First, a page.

When the Nationals signed Edwin Jackson to a one-year, $11MM contract a few days before the start of Spring Training, it was widely considered to be one of the best free agent deals of the offseason. They had just added a workhorse starter with a 3.96 ERA from 2009-2011 to a staff that already included Stephen Strasburg, Gio Gonzalez, and Jordan Zimmermann. The pitching rich got richer.
Jackson, 29, is now scheduled to hit the free agent market for the second time in as many years. He dumped Scott Boras in favor of the Legacy Agency in July, perhaps an indication that he was unhappy with only getting a one-year contract. Jackson passed on a lucrative three-year offer from the Pirates to join a club that many believed was poised to break through and become a contender, a belief that proved to be true. But still, he didn't get a long-term deal.
This season has been similar to the last three for Jackson. He's pitched to a 4.13 ERA in 30 starts and 183 innings while keeping his walk rate down (2.8 BB/9), his ground ball rate up (47.2%), and enjoying a boost to his strikeout rate (8.0 K/9) after a full year in the NL. Jackson is limping to the finish though, as his ERA has jumped exactly half-a-run this month. He allowed nine runs (eight earned) in 1 1/3 innings last night, and has allowed at least four runs in four of his five September starts. His fastball velocity, which averaged 94-95 mph from 2007-2011, is suddenly more 92-94 these days.
One bad month usually isn't enough to sabotage a player's free agent stock, and Jackson will have the postseason to prove that September is just a poorly-timed slump. The free agent pitching market will be headlined by Zack Greinke, but Jackson leads a group of second-tier arms that will include Ryan Dempster, Hiroki Kuroda, Kyle Lohse, Shaun Marcum, and Anibal Sanchez. More than 3,500 MLBTR readers say the Nationals should make Jackson a qualifying offer (in the $13MM range) after the season, a move that frankly feels like a no-brainer. It'll entitle them to draft pick compensation if he signs elsewhere, and in the worst case they get him back for another year.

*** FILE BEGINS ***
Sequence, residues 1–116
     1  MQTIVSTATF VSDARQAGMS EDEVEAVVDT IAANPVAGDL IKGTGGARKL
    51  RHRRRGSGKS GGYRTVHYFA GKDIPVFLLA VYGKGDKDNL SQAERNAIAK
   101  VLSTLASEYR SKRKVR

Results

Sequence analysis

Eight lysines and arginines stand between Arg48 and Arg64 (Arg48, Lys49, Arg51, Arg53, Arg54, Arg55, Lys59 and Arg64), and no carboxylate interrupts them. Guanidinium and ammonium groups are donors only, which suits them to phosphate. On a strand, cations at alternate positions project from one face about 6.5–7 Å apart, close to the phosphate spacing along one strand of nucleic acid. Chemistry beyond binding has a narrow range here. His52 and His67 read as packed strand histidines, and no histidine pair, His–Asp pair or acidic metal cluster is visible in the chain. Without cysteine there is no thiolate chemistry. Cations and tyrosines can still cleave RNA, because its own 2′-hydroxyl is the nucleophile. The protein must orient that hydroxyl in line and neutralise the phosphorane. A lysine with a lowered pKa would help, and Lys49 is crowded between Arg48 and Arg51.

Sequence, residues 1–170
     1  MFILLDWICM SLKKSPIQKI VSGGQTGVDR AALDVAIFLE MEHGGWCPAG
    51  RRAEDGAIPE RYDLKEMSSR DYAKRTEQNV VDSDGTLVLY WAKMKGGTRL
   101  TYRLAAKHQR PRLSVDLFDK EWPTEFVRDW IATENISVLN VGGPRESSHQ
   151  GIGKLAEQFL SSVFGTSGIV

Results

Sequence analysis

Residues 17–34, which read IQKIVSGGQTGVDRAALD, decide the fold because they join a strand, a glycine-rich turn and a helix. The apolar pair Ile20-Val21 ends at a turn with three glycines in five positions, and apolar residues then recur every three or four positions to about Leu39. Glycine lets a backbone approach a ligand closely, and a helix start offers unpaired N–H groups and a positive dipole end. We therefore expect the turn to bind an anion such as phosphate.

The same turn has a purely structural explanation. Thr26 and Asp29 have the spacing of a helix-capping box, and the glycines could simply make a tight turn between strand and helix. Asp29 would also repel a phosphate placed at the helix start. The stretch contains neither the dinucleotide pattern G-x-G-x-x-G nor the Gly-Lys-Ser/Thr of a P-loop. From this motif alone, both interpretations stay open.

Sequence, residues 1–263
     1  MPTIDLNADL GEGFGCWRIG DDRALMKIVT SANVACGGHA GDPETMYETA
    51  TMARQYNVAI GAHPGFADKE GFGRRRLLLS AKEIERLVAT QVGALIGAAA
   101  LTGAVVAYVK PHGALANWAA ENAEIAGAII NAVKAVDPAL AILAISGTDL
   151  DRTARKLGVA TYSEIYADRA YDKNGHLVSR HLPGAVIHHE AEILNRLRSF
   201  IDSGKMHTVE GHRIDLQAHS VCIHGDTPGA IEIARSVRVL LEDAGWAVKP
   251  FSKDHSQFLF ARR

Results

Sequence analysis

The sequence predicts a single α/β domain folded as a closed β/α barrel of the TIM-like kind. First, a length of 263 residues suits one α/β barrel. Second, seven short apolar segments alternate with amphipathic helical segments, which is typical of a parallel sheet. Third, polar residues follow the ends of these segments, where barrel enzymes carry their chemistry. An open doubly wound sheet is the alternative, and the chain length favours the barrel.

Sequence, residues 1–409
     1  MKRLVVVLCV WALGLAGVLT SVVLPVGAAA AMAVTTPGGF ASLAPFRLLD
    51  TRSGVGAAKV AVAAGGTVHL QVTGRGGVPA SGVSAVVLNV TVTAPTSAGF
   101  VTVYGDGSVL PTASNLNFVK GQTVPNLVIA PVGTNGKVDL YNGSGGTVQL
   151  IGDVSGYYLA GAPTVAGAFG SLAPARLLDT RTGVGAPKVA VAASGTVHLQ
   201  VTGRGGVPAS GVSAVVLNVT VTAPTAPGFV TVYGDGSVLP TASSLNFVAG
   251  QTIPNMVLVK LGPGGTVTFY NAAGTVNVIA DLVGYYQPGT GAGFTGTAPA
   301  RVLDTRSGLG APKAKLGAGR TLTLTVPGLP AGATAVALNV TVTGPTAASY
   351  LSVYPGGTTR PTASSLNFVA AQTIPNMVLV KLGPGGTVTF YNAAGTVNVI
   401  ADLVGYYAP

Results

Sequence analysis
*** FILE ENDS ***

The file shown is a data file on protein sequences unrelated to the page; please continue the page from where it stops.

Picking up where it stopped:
Jackson is almost certainly going to seek the multi-year contract he was unable to land last offseason, and he should have no trouble finding suitors. Big market teams like the Red Sox, Tigers, Dodgers, and Yankees could turn to him to supplement their rotations while smaller payroll clubs like the Pirates, Royals, Blue Jays, Indians, and Orioles figure to show interest as well. Pitching is always in high demand, especially when you're talking about a just turned 29-year-old who is right smack in the prime of his career.
Photo courtesy of US Presswire.